British media said Sunday that there were traces of a nerve agent used to attack a Russian ex-spy and his daughter in Salisbury restaurant where the two were poisoned. British health officials say the risk to public health is low, however.

A large-scale police investigation is ongoing in Salisbury as forensics experts search for clues.

BBC and Sky News said traces of the agent had been detected. According to the Associated Press, BBC’s sources say traces were found at the Zizzi restaurant, an establishment that Sergei Skripal and his daughter Yulia reportedly dined in before becoming critically ill.

Sky News reported that the traces “were found in several locations.”

From the AP: British health officials say the risk to public health after the poisoning of a Russian ex-spy remains low.

Dr. Jenny Harries of Public Health England said Sunday there has been some limited contamination of a restaurant and pub in Salisbury following the nerve agent attack.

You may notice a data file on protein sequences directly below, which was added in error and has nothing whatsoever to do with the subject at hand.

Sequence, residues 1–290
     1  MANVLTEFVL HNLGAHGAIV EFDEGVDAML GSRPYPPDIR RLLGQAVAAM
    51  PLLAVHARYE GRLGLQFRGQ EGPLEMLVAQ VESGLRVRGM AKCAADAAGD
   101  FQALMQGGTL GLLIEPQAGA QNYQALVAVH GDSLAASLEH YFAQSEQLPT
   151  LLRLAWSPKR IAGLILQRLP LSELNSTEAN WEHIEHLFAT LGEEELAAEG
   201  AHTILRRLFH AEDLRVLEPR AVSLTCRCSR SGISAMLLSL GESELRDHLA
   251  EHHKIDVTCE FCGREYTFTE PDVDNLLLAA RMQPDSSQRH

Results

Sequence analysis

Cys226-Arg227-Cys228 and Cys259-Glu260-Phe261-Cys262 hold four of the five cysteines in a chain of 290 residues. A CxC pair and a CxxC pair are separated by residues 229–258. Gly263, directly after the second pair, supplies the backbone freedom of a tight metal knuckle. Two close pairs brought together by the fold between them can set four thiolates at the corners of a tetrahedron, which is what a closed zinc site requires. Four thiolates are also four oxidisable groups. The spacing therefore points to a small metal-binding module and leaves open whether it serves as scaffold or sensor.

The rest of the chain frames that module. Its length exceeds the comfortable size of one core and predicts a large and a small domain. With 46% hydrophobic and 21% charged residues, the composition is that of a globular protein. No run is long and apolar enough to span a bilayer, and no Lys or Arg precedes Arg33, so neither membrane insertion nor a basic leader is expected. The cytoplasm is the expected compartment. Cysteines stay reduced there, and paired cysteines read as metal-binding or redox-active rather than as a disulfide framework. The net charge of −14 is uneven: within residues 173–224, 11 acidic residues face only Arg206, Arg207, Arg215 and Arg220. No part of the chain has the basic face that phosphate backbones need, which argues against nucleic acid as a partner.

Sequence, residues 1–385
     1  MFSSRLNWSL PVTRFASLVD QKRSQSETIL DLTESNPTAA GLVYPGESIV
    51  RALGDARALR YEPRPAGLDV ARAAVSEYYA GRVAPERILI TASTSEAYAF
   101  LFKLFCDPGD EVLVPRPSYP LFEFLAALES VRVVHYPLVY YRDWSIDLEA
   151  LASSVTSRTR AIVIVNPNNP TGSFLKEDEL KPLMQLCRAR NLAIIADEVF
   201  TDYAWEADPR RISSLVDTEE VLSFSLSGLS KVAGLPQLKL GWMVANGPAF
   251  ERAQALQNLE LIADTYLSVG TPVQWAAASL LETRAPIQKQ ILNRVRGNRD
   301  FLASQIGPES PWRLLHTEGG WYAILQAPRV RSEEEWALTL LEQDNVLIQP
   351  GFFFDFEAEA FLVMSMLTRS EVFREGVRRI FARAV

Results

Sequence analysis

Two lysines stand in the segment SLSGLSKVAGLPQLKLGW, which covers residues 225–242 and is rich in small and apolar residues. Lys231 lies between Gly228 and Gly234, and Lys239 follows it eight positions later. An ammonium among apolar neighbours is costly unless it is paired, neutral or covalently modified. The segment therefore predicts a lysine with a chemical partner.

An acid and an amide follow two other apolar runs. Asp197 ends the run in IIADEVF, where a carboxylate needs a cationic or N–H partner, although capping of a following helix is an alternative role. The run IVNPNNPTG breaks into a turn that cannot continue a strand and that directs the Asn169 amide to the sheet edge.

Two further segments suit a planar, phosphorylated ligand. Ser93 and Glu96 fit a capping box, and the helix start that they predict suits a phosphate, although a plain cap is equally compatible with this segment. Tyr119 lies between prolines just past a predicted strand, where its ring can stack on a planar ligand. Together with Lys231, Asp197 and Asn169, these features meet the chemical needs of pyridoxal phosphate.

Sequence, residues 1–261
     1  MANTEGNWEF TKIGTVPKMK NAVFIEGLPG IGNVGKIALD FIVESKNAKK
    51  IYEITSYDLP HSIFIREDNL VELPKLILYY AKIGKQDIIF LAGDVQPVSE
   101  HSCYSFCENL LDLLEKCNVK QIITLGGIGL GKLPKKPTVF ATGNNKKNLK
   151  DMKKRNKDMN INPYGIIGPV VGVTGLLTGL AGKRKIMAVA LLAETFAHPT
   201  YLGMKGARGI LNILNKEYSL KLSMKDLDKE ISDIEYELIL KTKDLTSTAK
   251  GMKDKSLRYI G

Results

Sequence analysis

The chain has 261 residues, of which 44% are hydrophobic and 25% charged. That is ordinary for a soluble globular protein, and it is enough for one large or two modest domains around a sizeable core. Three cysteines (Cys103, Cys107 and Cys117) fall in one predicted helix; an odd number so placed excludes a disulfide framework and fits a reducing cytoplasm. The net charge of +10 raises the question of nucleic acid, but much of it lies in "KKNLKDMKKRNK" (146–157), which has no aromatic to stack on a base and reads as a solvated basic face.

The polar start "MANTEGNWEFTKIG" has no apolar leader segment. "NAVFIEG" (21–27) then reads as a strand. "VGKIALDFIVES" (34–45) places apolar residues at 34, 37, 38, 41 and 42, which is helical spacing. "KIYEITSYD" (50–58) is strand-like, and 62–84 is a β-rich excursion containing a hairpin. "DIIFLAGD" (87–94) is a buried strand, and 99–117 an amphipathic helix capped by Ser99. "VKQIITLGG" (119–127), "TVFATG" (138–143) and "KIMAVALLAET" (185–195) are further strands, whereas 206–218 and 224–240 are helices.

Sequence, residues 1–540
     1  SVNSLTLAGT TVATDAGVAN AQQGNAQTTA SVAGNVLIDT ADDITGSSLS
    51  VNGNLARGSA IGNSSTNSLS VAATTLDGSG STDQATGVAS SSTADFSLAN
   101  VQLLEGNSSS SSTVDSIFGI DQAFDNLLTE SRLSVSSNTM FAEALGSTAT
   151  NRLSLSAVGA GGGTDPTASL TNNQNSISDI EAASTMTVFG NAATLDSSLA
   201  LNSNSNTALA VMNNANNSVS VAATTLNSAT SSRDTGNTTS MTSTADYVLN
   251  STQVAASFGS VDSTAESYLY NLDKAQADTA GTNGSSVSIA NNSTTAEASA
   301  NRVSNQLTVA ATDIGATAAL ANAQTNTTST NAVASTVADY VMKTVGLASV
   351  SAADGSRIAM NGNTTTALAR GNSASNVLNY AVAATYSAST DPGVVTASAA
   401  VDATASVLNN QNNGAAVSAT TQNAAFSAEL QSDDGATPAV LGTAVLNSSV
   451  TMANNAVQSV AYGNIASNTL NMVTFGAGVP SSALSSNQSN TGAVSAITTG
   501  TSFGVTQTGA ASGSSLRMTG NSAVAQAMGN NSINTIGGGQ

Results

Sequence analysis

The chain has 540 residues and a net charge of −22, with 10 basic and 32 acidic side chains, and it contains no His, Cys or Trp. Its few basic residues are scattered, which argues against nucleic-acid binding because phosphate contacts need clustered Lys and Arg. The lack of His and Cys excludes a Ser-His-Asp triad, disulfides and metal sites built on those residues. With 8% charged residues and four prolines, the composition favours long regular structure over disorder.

She says people who were in the restaurant and pub on March 4 and March 5 should take “simple” precautions by washing their clothes and taking other measures.

A police officer was also hospitalized in the attack on Skripal and his daughter Yulia, however, hospital officials said there is no evidence of a “wider risk,” the AP reports.

Public Health England issued advice for anyone who was at the Zizzi restaurant or The Mill pub at certain hours of March 4 and 5.

The statement says: “While there is no immediate health risk to anyone who may have been in either of these locations, it is possible, but unlikely, that any of the substance which has come into contact with clothing or belongings could still be present in minute amounts and therefore contaminate your skin. Over time, repeated skin contact with contaminated items may pose a small risk to health.”

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